john tlumacki/Globe staff
FOXBOROUGH — James Harrison took plenty of verbal hits since an unceremonious departure from Pittsburgh, from former teammates lambasting his undisguised efforts to force his way out of town to frenzied fans worked up about the idea of their franchise icon slipping into the jersey of a heated conference rival. No matter how you look at it, Harrison’s decision to sign with the Patriots just days after being released by the Steelers injected an unmistakable dose of drama into this late-season, pre-playoff NFL stage, a delicious scene-setter for a potentially tasty AFC Championship game rematch.
The Harrison-to-New England story line took over the NFL conversation during the week precisely because of the history between the two rival programs, dwarfing the average waiver wire transaction thanks to the high-profile stature of the decorated veteran linebacker and the strange reality of seeing him trade a black and yellow jersey for one of red, white, and blue. It was a sartorial swap that prompted Tom Brady to tell his newest teammate, “I like you much better in our colored jersey.”
But let’s be careful about turning this into some sort of sports morality play about loyalty, wherein someone such as Harrison, with a long résumé of success in Pittsburgh, including an all-time defensive play in a Super Bowl win, should preclude him from playing for a onetime rival.
Loyalty is never a two-way street, not in the business of sports. Teams will do what’s best for them, and athletes are free (and wise) to do the same.
But wrong? No way.
That’s what Patriots coach Bill Belichick meant with his “this is the National Football League” retort Friday when I asked about Harrison’s appearance on his practice field after years of being an opponent. Though Belichick had assumed his customary defensive posture, we actually agree on the topic. In a world of nonguaranteed contracts and short career shelf lives, players are in the business of wringing out every last down they can play, no matter where that might be.
“Look at any team,” Belichick expounded. “This is the National Football League. Players change teams. We have [10-year Jets veteran] David Harris. If you think this is some kind of unprecedented event, that’s just not what it is. We face somebody that’s been on our team every week. We have somebody on our team that was on some other team that we play against.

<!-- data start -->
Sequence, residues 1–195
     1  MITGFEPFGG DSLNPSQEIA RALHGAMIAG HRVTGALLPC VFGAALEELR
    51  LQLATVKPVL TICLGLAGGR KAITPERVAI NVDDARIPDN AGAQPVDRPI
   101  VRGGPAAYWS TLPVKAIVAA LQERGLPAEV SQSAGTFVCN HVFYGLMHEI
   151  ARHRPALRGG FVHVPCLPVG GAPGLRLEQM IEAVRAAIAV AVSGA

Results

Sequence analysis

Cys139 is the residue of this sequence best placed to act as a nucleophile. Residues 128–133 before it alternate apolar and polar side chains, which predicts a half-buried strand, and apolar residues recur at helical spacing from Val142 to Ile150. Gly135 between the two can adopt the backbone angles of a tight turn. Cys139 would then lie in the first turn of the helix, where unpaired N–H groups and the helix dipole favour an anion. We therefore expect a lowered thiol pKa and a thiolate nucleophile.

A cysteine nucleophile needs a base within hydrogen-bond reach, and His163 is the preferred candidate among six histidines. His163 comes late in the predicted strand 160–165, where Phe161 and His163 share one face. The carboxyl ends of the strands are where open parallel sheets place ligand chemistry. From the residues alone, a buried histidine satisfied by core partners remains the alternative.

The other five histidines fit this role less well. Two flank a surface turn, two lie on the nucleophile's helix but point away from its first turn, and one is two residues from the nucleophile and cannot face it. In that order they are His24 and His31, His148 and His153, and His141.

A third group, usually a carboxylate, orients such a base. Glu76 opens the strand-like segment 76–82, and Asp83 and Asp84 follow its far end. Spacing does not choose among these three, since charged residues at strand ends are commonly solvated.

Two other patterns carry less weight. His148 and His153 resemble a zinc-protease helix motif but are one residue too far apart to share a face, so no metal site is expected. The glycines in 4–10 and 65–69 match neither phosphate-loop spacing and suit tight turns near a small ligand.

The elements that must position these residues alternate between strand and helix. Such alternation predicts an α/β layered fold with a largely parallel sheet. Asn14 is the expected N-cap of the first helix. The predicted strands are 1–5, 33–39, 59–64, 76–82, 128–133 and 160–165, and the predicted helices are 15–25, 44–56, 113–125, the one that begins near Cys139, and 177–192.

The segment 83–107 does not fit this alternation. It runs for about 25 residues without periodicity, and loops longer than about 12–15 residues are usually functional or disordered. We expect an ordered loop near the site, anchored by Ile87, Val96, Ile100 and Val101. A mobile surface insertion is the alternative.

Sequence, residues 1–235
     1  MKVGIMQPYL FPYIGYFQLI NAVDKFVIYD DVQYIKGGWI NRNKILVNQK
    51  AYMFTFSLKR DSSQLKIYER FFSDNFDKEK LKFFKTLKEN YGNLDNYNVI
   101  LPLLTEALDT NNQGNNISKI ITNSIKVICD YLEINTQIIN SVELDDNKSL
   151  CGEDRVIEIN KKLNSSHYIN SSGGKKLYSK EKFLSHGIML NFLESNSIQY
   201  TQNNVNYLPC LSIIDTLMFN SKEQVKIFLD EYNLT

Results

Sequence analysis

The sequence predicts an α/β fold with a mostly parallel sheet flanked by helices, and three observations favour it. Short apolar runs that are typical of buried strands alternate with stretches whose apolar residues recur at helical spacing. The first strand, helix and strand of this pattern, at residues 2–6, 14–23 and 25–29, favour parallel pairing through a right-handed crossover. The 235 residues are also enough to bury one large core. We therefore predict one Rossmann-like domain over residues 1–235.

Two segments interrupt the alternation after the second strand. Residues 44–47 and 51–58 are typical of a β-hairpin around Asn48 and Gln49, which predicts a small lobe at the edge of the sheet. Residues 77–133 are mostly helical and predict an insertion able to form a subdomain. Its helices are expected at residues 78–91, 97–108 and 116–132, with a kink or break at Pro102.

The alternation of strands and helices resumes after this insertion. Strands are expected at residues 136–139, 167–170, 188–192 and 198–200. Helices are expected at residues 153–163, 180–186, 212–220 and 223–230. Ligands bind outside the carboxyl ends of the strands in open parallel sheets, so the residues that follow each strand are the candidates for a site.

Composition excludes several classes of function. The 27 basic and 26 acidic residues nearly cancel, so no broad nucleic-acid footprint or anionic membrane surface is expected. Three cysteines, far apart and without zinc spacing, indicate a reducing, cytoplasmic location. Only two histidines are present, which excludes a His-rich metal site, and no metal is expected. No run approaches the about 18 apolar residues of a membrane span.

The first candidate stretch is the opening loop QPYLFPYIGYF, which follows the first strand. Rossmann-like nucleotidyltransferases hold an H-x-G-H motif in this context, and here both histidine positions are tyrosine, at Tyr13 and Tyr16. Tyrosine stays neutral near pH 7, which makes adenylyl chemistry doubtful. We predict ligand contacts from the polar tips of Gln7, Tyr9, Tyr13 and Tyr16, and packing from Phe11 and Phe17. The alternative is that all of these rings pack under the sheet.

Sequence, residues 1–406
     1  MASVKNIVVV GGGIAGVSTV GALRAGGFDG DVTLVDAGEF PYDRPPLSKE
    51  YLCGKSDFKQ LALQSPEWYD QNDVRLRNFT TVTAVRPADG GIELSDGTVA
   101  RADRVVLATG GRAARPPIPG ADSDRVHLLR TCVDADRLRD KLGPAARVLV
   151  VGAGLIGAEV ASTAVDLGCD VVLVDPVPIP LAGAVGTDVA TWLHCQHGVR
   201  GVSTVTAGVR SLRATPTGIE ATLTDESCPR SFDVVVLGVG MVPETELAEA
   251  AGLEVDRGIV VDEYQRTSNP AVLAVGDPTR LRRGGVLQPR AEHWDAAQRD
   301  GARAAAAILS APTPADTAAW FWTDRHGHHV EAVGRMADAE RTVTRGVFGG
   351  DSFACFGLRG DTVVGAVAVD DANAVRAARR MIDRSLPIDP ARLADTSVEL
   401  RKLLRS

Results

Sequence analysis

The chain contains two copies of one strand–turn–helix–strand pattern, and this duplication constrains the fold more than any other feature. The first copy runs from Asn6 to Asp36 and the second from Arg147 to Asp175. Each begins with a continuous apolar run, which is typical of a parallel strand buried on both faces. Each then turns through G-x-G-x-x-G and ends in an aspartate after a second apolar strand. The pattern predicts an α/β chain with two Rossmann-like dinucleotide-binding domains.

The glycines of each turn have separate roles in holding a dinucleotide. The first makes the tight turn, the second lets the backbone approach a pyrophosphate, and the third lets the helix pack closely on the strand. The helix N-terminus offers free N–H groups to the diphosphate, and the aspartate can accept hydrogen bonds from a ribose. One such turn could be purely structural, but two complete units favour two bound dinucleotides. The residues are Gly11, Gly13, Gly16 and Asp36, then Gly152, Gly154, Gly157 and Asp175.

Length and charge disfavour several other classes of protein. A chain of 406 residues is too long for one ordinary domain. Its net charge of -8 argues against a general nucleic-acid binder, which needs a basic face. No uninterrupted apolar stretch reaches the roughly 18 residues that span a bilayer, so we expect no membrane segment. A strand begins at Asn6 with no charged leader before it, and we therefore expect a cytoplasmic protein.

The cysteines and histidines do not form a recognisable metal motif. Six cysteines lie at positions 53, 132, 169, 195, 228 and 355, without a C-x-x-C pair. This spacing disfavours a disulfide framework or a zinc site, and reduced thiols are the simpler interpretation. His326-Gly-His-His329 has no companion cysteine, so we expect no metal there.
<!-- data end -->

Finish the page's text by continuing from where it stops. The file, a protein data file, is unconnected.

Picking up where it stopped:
“That’s the way it is every week. This is the National Football League. We’re not talking about college now where players don’t change teams. This is professional football. It’s like that every year. It’s like that every week. It’s like that on every team. I don’t know.
“I don’t see it as some big historical event.”
A free agent signing doesn’t have to be historical to be significant, though, and it doesn’t have to cause an actual earthquake to be seismic. Harrison clearly heard the conversation (even if his new head coach didn’t want to), prompting the 39-year-old to defend his decision in a late Friday morning Instagram post. Harrison insisted he was misled about the role he would have in his professional Round 2 in Pittsburgh, writing he “didn’t sign up to sit on the bench and be a cheerleader” and that he “was clear about that when I signed, and I was told I would be on the field.”
Harrison declined to discuss the Steelers in any more detail when meeting the media Friday at his locker, but he’d already made it clear: This divorce is on them, since it was clear they didn’t really want him anymore anyway.
So he chose to come to New England, hoping a roster thin on edge pass rushers could find more use for his skills, hoping to catch on to one more Super Bowl run in a career already worthy of Hall of Fame consideration. Given the way the Patriots usually find a way to get their in-season pickups into a game immediately (Martellus Bennett in Denver, Kenny Britt in Pittsburgh), the expectation for a Harrison sighting Sunday against the Jets is high. Unlike in Pittsburgh, where young players such as T.J. Watt and Bud Dupree were better options, the Patriots’ depth chart isn’t as deep, which should open a door.
That’s the way it works in the NFL, especially under a coach who uses the waiver wire better than anyone in the game. From cold cuts to veterans on the downside of their careers (Lawyer Milloy, Logan Mankins, Rodney Harrison) to trades of high-priced Pro Bowlers in their prime (Richard Seymour), Belichick is well able to take emotion out of the equation, to put loyalty aside in favor of pragmatism.
But with timely short signings of other teams’ cuts (Randy Moss, Darrelle Revis, LeGarrette Blount), he’s also proved he can work both sides of the equation.
That’s the chance Harrison has now. No one should blame him for taking it.
“From a fan’s point of view I understand it, but from a player’s point of view, everything’s a business and you’ve got to do what’s best for you and your family,” said Britt, who signed with the Patriots days after getting cut by the Browns. “You don’t owe it to anybody but yourself.”
“Guys can play anywhere in this league,” teammate Devin McCourty said. “That’s just the way it works. You never know who will show up or who will be gone. That’s the tough part about playing in the NFL.”
That’s why Harrison is a Patriot now, writing on Instagram, “I’m a competitor to my core. I live and breathe competition.”
In Pittsburgh, where he’d played all of 40 snaps this season, that competitive fire was no longer being fueled. The Steelers had, in Harrison’s words, “made a business decision.”
His response? “So did I.”
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